Posted on Wednesday, January 23rd, 2013 | In Market Commentary
If you’re an investor, you should pray for a pullback.
Nothing earth-shattering, of course. Just a nice, orderly few days with stocks in the red.
What you need is a buying opportunity. More to the point, you’re looking to pick up some shares without feeling like you’re a dog chasing your neighbor’s Mustang down the street.
Don’t fret — the market understands. Stocks won’t move straight up forever. In fact, they’re showing early signs that a minor top is on the way in short order.
It’s all about bullish momentum…
This is a look at the S&P 500 Bullish Percent Index. The big middle section of this chart shows the percentage of stocks in the S&P that are currently displaying a longer-term technical buy signal. After retreating in October and November, the index is now showing that nearly 80% of its components are flashing buy signals.
But the real story lies in the top momentum gauge. Each time the index has heated up to extreme levels since the 2011 bottom, it has provided a nifty little short-term sell warning (red arrows). You can see the corresponding minor tops on the S&P on the bottom chart. We’re seeing these extreme levels again right now. Therefore, a momentum drop below 70 will be your first clue that this move will stall out — at least, temporarily.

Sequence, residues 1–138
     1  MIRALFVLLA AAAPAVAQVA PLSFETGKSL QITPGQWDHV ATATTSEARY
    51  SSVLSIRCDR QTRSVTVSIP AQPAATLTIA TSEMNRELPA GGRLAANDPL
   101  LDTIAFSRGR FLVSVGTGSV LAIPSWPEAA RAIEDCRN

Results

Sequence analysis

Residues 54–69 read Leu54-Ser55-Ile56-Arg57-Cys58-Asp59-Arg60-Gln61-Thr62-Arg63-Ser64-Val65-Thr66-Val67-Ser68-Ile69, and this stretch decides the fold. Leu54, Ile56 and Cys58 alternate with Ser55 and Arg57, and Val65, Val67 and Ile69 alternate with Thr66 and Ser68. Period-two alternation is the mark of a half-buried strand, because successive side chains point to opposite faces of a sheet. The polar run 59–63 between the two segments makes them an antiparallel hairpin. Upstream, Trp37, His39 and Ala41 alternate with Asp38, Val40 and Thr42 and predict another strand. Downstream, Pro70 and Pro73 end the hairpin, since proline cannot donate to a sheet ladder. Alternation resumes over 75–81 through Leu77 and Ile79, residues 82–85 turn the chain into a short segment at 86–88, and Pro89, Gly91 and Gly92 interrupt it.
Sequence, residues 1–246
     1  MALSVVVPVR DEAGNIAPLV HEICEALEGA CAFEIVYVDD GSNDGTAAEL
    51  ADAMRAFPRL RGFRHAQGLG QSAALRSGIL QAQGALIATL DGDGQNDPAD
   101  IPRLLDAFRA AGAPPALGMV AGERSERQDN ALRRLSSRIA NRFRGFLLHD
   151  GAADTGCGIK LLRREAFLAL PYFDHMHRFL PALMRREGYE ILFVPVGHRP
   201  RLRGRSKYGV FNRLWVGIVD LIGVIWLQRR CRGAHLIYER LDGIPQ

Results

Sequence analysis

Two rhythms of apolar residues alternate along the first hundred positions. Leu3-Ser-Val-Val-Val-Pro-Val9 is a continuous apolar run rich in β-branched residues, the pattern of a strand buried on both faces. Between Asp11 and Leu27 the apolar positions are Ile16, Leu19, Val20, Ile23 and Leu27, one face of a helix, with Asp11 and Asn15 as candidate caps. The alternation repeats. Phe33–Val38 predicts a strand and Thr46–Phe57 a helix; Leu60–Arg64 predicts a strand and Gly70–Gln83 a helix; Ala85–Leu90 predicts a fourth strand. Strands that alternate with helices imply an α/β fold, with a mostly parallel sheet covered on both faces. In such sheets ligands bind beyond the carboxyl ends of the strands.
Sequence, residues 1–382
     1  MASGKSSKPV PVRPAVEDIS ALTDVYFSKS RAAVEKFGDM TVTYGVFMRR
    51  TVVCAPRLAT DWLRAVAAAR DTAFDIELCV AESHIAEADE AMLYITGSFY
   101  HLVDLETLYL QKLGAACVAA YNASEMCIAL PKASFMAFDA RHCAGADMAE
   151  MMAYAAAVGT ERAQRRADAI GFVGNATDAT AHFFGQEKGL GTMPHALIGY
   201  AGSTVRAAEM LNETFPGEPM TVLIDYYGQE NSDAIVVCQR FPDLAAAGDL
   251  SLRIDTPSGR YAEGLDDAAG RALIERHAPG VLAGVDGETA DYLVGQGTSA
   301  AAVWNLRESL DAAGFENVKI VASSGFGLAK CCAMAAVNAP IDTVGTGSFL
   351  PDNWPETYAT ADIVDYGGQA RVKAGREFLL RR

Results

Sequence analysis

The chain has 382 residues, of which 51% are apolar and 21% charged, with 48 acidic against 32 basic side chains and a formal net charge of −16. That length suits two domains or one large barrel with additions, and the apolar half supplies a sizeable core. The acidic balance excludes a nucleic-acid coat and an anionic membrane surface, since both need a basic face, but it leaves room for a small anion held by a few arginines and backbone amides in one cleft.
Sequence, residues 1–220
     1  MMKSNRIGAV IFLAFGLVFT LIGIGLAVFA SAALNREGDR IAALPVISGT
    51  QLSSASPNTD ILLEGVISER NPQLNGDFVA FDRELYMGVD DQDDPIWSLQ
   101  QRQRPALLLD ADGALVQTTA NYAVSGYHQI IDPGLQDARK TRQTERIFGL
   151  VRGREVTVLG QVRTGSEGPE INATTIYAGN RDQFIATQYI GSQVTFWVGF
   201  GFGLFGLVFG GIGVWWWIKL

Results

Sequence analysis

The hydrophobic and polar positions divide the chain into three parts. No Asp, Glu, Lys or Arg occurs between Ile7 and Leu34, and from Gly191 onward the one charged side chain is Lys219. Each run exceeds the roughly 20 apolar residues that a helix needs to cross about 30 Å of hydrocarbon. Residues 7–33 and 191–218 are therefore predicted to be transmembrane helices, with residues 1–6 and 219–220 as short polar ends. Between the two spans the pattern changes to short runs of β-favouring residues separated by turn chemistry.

The drop will be your chance to look for buying opportunities. But planning is required. Decide what names you like and have them ready. That way, when the time comes, you can quickly capitalize on the price action.
About The Daily Reckoning (http://dailyreckoning.com)
Best-selling investment author Bill Bonner is the founder and president of Agora Publishing. Owner of both Fleet Street Publications and MoneyWeek magazine in the UK, he is also the author of the free daily e-mail The Daily Reckoning. Written in a wry, witty and often irreverent manner, The Daily Reckoning has offered its over 500,000 readers insights and advice not offered by today's mainstream media. The DR looks at the economic world-at-large and offers its major players - investors, politicians, economists and the average consumer - some much-needed constructive criticism.